Updated 2015-05-04 05:19:39 by APN

Purpose: Provide a collection of hints for making Tk more convenient on Microsoft Windows.

  • If you write to stdout or stderr, and haven't redirected your standard channels, you are writing into the Windows Wish Console whether you know it or not! Once you get more than a few hundred lines of output into it, the Wish console gets very slow; visit the page referenced above to see how to take care of it.
  • The care and feeding of the system menu is discussed in menu.
  • Windows Wish Console has some tricks for dealing with the Tk console on the Windows platform. The menu page shows how to add a Show Console item to the system menu.
  • (KBK 8 January 2001) The Wish console can also be used from within C++ code; Cplusplus streams and Tcl channels shows how.
  • Printing a canvas under Windows shows one way to get printout from the canvas on Windows.
  • There are various hints on running DDE, on a page called, predictably enough, dde.
  • Example of using the registry package can be found at Windows Registry Browser
  • Invoking browsers shows how to launch a Web browser under control of a Tcl script.
  • Text widget contents, even with exotic Unicodes, can be printed on WinNT by copying and pasting into a Notepad, provided you have a Unicode font like Bitstream Cyberbit (recent Microsoft fonts also support Greek, Russian, Arabic, Hebrew), and have set Notepad to use that. The "higher" editors like Wordpad and Word don't accept exotic text pasting so easy, since they refer to an explicit font setup that also includes the language. RS
  • If a Tk app pops up a fileselector dialog at its beginning, the main window may not react to clicks or keys even if it seems to be in focus. A (on Unix redundant) update before the fileselector command fixed that. - RS
  • Tk can fake the little thingy with three diagonal lines that lives at the lower right corner and lets you resize a window. Resize control shows how.
  • A different implementation for a windows like sizer control.
  • This Windows Application Framework automates some of the repetitive tasks for making an application with a Windows feel.

What if you want "to go the other way", and, for example, "Give Unix a Windows look and feel"? There's a Wiki page for that, too.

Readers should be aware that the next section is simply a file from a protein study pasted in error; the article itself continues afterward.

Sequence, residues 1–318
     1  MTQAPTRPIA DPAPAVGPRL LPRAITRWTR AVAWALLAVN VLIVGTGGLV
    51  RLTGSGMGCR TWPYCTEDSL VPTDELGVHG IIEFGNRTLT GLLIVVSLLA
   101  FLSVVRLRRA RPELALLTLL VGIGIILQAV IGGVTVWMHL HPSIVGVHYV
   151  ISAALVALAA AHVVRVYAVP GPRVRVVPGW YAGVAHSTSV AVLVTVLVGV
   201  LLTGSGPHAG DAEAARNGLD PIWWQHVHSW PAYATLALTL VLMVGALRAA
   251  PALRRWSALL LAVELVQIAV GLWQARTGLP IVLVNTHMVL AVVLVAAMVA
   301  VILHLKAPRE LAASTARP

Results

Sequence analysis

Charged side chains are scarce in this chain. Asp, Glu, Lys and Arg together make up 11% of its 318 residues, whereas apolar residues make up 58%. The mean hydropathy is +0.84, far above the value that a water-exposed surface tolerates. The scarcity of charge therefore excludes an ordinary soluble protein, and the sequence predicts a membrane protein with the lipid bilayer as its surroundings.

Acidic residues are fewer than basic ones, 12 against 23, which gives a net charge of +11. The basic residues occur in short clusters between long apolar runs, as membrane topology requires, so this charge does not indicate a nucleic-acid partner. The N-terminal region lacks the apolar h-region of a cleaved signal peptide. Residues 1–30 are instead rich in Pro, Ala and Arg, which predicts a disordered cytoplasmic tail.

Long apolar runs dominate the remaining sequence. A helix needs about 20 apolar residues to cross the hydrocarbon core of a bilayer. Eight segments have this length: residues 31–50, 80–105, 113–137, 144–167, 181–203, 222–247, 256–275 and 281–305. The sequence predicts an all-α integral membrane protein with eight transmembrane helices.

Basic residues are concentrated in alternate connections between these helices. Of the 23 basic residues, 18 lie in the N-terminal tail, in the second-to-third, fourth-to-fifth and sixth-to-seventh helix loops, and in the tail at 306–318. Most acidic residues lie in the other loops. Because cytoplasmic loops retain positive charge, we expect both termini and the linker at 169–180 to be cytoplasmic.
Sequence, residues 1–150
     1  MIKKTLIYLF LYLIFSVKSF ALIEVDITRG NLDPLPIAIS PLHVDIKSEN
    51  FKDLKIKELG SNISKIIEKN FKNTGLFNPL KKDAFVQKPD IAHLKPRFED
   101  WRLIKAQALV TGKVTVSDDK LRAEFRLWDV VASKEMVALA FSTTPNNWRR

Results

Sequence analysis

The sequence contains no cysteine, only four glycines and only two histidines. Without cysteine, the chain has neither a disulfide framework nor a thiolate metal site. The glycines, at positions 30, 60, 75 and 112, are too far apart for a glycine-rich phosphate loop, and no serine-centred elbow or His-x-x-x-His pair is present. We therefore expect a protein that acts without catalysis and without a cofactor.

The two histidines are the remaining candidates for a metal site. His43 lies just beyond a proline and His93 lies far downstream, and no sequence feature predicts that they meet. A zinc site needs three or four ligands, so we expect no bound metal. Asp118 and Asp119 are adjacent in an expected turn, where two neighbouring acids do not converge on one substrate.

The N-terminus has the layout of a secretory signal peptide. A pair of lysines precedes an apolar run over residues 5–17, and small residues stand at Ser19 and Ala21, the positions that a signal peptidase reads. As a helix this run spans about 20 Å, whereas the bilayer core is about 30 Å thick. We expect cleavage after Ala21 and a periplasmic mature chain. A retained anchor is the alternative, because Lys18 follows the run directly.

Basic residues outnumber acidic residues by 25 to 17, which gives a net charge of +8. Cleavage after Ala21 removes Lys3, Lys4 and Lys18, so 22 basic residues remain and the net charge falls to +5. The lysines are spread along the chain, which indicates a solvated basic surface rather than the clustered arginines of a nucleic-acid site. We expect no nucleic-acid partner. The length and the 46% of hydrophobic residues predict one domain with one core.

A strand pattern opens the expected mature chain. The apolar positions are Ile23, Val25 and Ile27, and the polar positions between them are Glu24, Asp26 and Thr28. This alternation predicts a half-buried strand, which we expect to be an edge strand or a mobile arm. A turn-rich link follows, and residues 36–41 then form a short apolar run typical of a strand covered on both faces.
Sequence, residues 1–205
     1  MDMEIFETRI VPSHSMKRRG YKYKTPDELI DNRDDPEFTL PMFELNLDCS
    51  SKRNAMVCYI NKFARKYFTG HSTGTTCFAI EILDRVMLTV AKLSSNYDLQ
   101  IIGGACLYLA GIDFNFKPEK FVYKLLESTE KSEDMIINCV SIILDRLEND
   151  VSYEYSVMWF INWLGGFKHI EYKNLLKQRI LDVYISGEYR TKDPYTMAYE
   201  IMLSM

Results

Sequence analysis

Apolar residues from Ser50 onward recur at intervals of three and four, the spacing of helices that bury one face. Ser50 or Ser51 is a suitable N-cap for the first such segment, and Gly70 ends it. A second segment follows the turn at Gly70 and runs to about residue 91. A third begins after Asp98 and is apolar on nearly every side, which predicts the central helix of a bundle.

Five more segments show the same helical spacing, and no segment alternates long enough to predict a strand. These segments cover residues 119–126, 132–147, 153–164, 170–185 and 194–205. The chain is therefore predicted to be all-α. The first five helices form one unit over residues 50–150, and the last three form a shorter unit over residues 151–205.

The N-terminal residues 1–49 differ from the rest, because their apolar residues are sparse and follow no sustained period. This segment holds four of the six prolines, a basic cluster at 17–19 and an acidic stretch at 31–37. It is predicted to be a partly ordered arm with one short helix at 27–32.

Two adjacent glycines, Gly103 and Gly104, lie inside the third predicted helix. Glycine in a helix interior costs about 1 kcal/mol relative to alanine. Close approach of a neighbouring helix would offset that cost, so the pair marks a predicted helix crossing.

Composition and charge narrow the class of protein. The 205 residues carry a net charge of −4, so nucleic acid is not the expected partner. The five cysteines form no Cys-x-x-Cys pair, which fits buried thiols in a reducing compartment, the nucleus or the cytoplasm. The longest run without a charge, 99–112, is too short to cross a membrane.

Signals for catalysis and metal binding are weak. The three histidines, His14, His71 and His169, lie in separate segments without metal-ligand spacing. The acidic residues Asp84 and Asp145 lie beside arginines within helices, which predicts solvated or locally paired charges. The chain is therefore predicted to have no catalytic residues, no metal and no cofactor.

Interesting note - recently someone on comp.lang.tcl reported that a Hewlett Packard Pavillion, running Windows XP, came with Tcl installed. Another user reports that MKS Software's (former Mortice Kern Systems) MKS Toolkit - a package of Unix-like utilities for Windows, comes with Tcl/Tk (along with Perl, awk, etc.). Jeff Hobbes mentioned that Microsoft's Interix toolkit comes with Tcl along with 'a ton' of other "unix" utilities. And of course Cygnus comes with a version of Tcl/Tk (and there are users which provide newer versions of Tcl/Tk/other extensions for Cygnus).

Sarnold 2006-04-25: There is a bug in Tk 8.4.12 with Windows ME. When you close the application window, a wish process still is in background (no window attached to it, but you can see it if you press Ctrl-Alt-Delete). So the following line is needed to avoid this behaviour:
 bind . <Destroy> {exit}

The minimal script needing this trick follows here:
 while 1 {catch {update}}

MG Is this actually a bug? This happens in XP too with the code above, but only when there's an infinite loop running. If you have a loop like
  set i 150000
  while {$i} {incr i -1 ; catch {update}}

then the process exits when the loop reaches its end. This seems more like a useful feature than a bug, to me, giving you the chance to finish something important you could be doing in a loop when a user closes the app, but still (with the bind) giving the opportunity to break out of the loop if you prefer...

See also

Exceed on Windows documents some issues using Tk with Exceed on Windows.